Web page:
Longman Dictionary of Contemporary English homepage

Language: Old English
Origin: ridan

ride

1 verb
     
ride1 S2 W2 past tense rode, past participle ridden
1

animal

[intransitive and transitive]DSH to sit on an animal, especially a horse, and make it move along:
She learned to ride when she was seven.
He was riding a large grey mare.
ride on
She arrived riding on a white horse.
ride away/across/through etc
He rode away across the marshes.
2

bicycle/motorbike

[intransitive,transitive always + adverb/preposition]TTB to travel on a bicycle or motorbike:
He had never learned to ride a bicycle.
They mounted their bikes and rode off.
3

vehicle

[intransitive always + adverb/preposition, transitive] especially American EnglishTT to travel in a bus, car, or other vehicle that you are not driving:
We got onto the bus and rode into San Francisco.
ride in
The kids were riding in the back.
ride a bus American English
Ann rides the bus to work.
! To talk about someone controlling a car or other vehicle, use drive not ride: Lizzy drove the van and we kids rode in the back.
4

in a lift

[intransitive always + adverb/preposition, transitive] American English to travel up or down in a lift
ride up/down
He rode the elevator down to the first floor.
I rode up to the tenth floor.
5

water/air

a) [intransitive always + adverb/preposition]TTW to be floating in water or in the air:
The smaller boat was lighter and rode higher in the water.
The moon was riding high in the sky.
There was a large ship riding at anchor in the bay.
b)

ride a wave

TTW to float on a wave and move forward with it:
surfboarders riding the waves
6

be riding high

to feel very happy and confident:
They were still riding high after their election victory.
7

let something ride

spoken to take no action about something that is wrong or unpleasant:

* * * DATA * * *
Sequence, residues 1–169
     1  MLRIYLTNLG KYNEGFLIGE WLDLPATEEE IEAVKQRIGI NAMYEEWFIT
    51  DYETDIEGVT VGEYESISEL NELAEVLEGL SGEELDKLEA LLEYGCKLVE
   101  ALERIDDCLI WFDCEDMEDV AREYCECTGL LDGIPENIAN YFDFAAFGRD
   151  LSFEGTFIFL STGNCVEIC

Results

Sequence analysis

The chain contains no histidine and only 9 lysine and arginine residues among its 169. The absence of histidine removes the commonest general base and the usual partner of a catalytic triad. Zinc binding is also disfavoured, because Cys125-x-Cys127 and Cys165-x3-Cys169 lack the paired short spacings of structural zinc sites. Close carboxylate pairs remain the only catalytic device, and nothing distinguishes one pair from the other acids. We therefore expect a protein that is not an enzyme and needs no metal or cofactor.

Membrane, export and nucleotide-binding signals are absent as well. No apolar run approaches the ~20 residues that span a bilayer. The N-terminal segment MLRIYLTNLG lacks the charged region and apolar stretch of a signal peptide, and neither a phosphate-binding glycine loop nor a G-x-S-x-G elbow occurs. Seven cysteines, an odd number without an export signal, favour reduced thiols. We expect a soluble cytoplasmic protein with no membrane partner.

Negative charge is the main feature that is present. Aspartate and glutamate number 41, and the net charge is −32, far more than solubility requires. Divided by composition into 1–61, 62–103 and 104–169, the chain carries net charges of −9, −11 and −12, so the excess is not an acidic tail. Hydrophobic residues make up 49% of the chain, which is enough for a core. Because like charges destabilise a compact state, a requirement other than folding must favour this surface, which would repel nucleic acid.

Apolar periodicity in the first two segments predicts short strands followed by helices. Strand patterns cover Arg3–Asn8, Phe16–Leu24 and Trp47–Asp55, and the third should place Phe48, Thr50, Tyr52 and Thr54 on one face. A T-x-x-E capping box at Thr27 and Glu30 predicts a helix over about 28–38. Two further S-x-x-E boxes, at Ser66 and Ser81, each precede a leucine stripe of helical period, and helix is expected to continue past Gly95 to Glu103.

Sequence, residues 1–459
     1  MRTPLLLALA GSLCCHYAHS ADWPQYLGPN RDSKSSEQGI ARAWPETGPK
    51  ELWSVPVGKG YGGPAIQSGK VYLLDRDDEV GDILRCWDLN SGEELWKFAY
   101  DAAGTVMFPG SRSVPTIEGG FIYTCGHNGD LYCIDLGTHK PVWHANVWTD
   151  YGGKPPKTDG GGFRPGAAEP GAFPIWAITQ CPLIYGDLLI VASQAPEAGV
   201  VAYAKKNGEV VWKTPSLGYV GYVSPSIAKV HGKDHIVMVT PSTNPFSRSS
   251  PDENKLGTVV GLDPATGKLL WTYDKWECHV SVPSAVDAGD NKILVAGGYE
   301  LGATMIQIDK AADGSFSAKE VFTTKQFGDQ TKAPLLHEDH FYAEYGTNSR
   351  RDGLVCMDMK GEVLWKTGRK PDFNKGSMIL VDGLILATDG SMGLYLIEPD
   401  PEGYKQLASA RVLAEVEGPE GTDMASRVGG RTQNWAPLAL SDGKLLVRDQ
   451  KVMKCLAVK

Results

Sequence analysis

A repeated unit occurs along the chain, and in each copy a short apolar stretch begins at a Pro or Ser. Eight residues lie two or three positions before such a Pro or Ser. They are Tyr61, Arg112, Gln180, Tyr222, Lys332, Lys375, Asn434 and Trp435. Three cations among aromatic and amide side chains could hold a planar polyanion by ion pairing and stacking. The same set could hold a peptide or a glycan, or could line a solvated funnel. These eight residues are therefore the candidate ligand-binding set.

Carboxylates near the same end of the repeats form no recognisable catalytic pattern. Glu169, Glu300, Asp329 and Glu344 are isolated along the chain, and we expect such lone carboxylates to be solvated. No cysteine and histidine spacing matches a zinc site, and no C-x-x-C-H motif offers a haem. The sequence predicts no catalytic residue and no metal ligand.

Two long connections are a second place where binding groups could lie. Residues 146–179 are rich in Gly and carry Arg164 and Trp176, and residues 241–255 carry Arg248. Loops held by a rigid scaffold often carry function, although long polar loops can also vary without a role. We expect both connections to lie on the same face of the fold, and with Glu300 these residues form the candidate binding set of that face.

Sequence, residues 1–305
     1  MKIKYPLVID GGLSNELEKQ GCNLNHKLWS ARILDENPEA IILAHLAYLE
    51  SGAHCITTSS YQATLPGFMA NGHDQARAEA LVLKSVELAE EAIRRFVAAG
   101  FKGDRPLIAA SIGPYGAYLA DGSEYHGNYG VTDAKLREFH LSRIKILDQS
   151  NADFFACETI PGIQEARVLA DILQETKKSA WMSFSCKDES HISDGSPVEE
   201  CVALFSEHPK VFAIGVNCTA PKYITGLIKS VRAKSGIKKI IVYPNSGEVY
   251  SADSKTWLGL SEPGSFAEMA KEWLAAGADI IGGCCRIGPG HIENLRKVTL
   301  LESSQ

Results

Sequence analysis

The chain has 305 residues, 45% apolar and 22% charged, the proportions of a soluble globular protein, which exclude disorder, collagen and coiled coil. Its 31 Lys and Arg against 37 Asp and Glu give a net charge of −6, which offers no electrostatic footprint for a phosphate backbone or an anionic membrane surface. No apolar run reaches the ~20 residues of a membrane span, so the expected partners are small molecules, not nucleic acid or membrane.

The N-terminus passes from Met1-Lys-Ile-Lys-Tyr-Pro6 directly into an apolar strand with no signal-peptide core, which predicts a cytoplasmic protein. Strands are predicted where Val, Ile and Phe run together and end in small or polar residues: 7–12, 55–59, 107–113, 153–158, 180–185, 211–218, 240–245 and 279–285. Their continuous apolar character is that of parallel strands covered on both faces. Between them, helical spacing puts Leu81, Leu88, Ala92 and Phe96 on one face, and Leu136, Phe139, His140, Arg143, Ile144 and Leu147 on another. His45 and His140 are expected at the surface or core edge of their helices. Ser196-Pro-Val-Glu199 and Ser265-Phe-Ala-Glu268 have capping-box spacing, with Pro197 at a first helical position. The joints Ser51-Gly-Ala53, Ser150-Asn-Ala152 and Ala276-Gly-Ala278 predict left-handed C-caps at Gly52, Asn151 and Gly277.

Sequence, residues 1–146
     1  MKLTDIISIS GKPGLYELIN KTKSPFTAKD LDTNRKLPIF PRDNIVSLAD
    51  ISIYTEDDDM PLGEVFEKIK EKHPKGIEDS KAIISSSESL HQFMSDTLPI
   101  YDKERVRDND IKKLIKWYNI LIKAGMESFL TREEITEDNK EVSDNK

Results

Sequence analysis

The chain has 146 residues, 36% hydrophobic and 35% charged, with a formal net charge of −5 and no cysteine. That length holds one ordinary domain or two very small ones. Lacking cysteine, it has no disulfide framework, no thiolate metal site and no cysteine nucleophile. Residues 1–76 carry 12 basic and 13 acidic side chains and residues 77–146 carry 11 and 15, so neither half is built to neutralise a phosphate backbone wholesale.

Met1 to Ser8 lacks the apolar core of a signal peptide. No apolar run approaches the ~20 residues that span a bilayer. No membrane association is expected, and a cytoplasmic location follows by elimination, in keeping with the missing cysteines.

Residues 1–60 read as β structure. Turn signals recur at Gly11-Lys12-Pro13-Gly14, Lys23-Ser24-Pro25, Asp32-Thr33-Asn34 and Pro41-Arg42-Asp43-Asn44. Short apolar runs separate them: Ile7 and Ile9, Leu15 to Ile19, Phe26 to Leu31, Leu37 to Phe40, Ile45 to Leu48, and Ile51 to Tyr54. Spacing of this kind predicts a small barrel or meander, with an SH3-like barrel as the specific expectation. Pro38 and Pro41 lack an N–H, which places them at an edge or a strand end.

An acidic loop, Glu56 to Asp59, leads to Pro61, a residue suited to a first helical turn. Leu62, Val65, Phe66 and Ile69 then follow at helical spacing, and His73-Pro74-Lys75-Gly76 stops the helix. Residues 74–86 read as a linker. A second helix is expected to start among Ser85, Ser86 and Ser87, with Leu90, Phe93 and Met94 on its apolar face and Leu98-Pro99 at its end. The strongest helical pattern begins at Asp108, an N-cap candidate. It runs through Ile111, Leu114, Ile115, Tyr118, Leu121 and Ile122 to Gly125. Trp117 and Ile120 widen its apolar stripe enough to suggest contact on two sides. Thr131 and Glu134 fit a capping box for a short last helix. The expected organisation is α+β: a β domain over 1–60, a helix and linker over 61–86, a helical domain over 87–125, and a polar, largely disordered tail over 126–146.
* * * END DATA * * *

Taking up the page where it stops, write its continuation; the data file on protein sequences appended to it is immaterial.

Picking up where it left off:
What he had said was wrong, and I knew I shouldn't just let it ride.
8

ride roughshod over something

to ignore someone else's feelings or ideas because you have the power or authority to do this:
The planning authorities should not ride roughshod over the wishes of local people.
9

annoy somebody

[transitive] American English spoken to annoy someone by often criticizing them or asking them to do things:
Why are you riding her so hard?
10

ride on somebody's shoulders/back

if a child rides on someone's shoulders or back, they are carried in that way
11

ride a punch/blow

to move back slightly when someone hits you, so that you are not hit with so much force:
He managed to ride the punch.
12

be riding for a fall

informal to be doing something unwise which could result in failure:
I had a feeling he was riding for a fall, and tried to tell him so.

ride on something

phrasal verb
if one thing is riding on another, it depends on it:
He knew he had to win - his reputation was riding on it.
There's a lot riding on this match.

ride something ↔ out

phrasal verb
1TTW if a ship rides out a storm, it manages to keep floating until the storm has ended
2 if you ride out a difficult situation, you are not badly harmed by it:
Most large companies should be able to ride out the recession.

ride up

phrasal verb
DCC if a piece of clothing rides up, it moves upwards so that it is no longer covering your body properly

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